I was introduced to craft beer through a homebrew/beer fan club in Minnesota called the Rum River Worthogs. They were a group of older gentlemen, along with their wives & friends, who would meet in the basement of a local restaurant to discuss, share, and talk about beer (homebrewed & purchased). The most popular beers, besides the ones that were shared in great enough quantity so that everyone got to try them, were the ones that were the most well made in the opinion of the gathered beer fans. The brewers of said beers were more than willing to discuss their well received beer: what their malt bill was, what hops were used, what yeast was used, why did the brewer decide to use a single infusion instead of a stepped mash, etc.. The Q & A sessions made the showcased brewer feel capable, and the answers he/she gave made their listening audience better brewers for having paid attention.
The homebrew club is where homebrewers should be able to come together to share their successes and failures, share advice, help tweak recipes, and criticize (hopefully constructively) each others creations. Not all homebrew clubs will be like this, but beer people (brewers, fans, etc) tend to be a collegial bunch. So, this ideal may not be too far off the norm of homebrew clubs around the world.
Also, for people who may not be homebrewers (yet), but are beer fans, it is in the common interest of beer fans around the world to support their local homebrew clubs. This is because it is from those clubs that the most admired brewers around the world first got into brewing in the first place. For example, Mitch Steele (of Stone Brewing Company) was a member of Brew Free or Die (New Hampshire), and Teri Fahrendorf (of the Steelhead Brewing Company) was a member of the San Andreas Malts (San Francisco). So, helping homebrewers become better brewers helps all beer fans.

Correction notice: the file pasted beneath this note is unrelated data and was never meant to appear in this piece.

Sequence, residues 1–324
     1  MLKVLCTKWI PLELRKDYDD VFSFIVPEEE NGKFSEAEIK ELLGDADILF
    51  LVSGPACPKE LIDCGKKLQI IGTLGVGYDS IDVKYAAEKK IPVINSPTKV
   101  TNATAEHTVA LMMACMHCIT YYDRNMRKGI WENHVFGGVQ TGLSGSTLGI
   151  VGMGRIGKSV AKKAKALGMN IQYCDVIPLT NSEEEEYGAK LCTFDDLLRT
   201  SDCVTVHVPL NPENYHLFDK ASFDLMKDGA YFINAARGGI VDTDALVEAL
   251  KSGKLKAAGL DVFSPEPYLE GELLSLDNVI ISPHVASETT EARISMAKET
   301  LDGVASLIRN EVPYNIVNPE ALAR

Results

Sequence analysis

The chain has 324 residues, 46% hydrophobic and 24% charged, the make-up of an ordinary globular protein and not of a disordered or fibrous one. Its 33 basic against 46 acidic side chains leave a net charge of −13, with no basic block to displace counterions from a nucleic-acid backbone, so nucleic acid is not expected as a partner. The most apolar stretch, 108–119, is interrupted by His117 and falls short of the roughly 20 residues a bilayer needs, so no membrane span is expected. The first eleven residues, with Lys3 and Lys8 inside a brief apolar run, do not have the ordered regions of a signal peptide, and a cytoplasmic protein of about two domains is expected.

These days I live in Chicago where I have been fortunate to find a homebrew club in my neighborhood called the Square Kegs. The Square Kegs is composed of homebrewers of varying levels of experience. The club is rather new, but we have a few projects in mind that I think will help strengthen our collective brewing knowledge and brewing habits. To keep tabs on what we are up to, I recommend you visit our facebook page. It can be found here.
Do any of you belong to homebrew clubs? If so, have you enjoyed the meetings? Have you learned anything from attending said meetings? Let us know!
If you do not have a homebrew club in your area, consider checking out the American Homebrewers Association (AHA) website. Specifically, their club resources wiki which can be found here.